# Thread: Nilpotent Matrix and Eigenvalues

1. ## Nilpotent Matrix and Eigenvalues

I have a square matrix A, that is nilpotent. I want to show that the eigenvalue, say L = 0.

I'm not sure how to approach this problem because I have used the definition of an eigenvalue and eigenvector of A corresponding to L:
AX = LX

But I cannot use the fact that A is nilpotent because I don't know how to prove that (A^m)X = (L^m)X. Can anybody help with this?

Thank you!

2. ## Re: Nilpotent Matrix and Eigenvalues

Originally Posted by Kyo
I have a square matrix A, that is nilpotent. I want to show that the eigenvalue, say L = 0.

I'm not sure how to approach this problem because I have used the definition of an eigenvalue and eigenvector of A corresponding to L:
AX = LX

But I cannot use the fact that A is nilpotent because I don't know how to prove that (A^m)X = (L^m)X. Can anybody help with this?

Thank you!
This just comes from matrix multiplication and is proved via induction.

If

$\displaystyle Ax=\lambda x$ multiply both sides by A to get

$\displaystyle A(Ax)=A(\lambda x)$ since lambda is a scalar it commutes with a matrix and you get

$\displaystyle A^2x=\lambda Ax=\lambda (\lambda x)=\lambda^2x$

As stated you can use induction to generalize to any natural number

3. ## Re: Nilpotent Matrix and Eigenvalues

AH! Thank you very much! I was scratching my head wondering how lambda(AX) = [lambda^2]X but it was the initial identity we had all along.

I'm not sure if I should make another thread for this, but can you help me on a follow-up question? I want to show that the characteristic polynomial is x^n as well, but I'm not sure where to go with det(xI - A) = 0.

4. ## Re: Nilpotent Matrix and Eigenvalues

note that:

Av = λv for some non-zero vector v, means that:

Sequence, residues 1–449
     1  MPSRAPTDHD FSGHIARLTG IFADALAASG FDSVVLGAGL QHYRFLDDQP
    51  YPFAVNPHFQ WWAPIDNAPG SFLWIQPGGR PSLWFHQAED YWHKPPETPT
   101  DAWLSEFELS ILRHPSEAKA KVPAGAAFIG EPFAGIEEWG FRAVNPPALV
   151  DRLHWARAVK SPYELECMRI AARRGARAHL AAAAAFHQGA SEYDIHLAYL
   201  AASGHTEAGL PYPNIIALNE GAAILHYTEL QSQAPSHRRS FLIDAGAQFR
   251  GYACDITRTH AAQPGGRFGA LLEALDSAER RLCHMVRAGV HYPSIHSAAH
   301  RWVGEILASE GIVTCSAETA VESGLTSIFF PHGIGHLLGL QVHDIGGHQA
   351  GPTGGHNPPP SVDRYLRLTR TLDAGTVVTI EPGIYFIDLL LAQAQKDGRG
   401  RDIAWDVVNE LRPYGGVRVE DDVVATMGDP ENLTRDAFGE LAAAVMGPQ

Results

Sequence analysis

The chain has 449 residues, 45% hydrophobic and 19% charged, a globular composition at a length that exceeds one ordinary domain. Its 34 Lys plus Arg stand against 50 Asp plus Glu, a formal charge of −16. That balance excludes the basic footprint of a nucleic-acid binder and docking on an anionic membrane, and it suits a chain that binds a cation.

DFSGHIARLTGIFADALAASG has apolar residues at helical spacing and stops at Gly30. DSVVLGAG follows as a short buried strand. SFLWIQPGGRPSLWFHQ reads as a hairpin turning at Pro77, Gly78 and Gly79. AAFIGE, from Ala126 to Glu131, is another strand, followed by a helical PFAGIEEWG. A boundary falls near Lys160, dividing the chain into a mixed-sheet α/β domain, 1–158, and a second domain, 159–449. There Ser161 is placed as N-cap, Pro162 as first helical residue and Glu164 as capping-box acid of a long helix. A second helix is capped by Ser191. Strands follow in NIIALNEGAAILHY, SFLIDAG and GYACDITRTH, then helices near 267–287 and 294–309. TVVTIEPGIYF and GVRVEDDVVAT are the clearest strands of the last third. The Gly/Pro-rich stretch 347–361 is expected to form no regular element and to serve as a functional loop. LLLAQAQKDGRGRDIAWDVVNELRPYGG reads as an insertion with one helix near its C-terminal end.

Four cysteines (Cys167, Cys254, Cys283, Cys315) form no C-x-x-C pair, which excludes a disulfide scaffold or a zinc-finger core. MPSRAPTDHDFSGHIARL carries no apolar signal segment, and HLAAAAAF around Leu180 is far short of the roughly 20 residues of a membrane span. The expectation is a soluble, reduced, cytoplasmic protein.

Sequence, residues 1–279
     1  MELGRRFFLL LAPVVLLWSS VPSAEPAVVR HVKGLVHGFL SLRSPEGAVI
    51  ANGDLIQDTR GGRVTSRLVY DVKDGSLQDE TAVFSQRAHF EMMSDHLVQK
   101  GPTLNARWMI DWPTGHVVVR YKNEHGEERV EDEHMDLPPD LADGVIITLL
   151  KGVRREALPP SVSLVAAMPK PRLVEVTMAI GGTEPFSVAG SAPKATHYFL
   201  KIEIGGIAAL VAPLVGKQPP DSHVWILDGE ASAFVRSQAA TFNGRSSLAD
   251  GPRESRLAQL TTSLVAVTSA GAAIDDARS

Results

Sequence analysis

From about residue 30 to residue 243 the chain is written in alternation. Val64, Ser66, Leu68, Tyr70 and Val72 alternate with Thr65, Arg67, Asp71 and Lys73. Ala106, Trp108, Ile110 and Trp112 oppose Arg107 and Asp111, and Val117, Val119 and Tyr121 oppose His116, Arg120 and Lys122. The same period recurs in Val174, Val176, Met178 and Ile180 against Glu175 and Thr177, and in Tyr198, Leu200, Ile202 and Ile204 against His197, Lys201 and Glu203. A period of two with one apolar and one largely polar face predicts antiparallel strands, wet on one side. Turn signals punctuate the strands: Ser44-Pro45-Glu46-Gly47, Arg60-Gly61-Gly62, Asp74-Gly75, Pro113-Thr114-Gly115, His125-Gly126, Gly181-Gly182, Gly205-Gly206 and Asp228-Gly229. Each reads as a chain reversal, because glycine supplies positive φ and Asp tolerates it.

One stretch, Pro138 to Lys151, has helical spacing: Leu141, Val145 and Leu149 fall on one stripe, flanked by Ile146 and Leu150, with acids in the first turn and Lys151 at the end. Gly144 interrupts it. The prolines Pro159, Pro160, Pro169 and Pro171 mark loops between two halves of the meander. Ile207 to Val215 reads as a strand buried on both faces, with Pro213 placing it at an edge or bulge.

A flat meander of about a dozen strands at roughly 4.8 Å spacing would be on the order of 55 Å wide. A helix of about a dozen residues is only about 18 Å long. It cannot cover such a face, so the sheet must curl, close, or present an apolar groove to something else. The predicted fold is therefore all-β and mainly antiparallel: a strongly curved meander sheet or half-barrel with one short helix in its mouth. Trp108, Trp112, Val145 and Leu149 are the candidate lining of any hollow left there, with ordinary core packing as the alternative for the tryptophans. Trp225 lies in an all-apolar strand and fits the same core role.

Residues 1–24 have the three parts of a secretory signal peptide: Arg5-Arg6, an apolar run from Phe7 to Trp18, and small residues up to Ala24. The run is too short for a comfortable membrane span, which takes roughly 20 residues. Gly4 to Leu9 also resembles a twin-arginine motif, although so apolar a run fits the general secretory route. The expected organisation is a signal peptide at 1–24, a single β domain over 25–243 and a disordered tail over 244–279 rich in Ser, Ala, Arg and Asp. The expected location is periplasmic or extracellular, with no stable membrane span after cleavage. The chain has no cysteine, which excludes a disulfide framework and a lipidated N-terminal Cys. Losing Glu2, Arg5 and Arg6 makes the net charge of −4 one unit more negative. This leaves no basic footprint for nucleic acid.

A2v = A(Av) = A(λv) = λ(Av) = λ(λv) = λ2v.

proof by induction on n that for an eigenvector v of A with eigenvalue λ, An(v) = λnv:

for n = 1, we have Av = λv, which is true because λ is an eigenvalue belonging to the eigenvector v.

suppose that for n = k, Ak = λkv.

then Ak+1(v) = A(Akv) = A(λkv) (by our induction hypothesis)

= λk(Av) = λk(λv) = λk+1v, which is the desired result for n = k+1.

therefore, we have that An(v) = λnv for all positive natural numbers n.

now.. if A is nilpotent, there is some m with Am = 0.

so if λ is an eigenvalue for A, with eigenvector v, we have:

0 = 0v = Amv = λmv, and since v is non-zero (being an eigenvector) λm = 0.

that is: λ is a root of xm = (x - 0)m, which has the sole root 0 of (algebraic) multiplicity m.

hence λ = 0, a nilpotent matrix can only have 0 eigenvalues.

one might ask: how do we know A has any eigenvectors at all?

it could be that A = 0, the 0-matrix. this is certainly nilpotent, and EVERY non-zero vector v is an eigenvector for A, with eigenvalue 0.

otherwise, A ≠ 0, so there is some positive integer r with:

Ar ≠ 0, Ar+1 = 0.

since Ar ≠ 0, there exists some vector u ≠ 0, with Aru ≠ 0.

let v = Aru. this is a non-zero vector, and:

Av = A(Aru) = Ar+1u = 0u = 0 = 0v, so we see v is an eigenvector (with eigenvalue 0).

thus we are fully justified in assuming A has (at least one) eigenvector(s), which then have associated eigenvalues (which we proved are all 0).

********

EDIT: for your second question, note if m is the SMALLEST positive integer with Am = 0, then the minimal polynomial for A m(x) divides xm.

thus m(x) = xt, for some positive integer t ≤ m (note t ≠ 0, since the minimal polynomial of A is monic, and thus of degree ≥ 1).

but we have for all 0 < t < m, At ≠ 0 (since m is the smallest such positive integer with this property). hence t = m.

since by Cayley-Hamilton m(x)|p(x), the characteristic polynomial of A, we have p(x) = xmq(x).

but the roots of q(x) are roots of p(x) as well, and every root of p(x) is 0 (from what we did above). hence q(x) = xn-m, where n is the dimension of dom(A).

5. ## Re: Nilpotent Matrix and Eigenvalues

Thank you very much as well Deveno! Both posts helped me understand the question and theory (more) with more depth.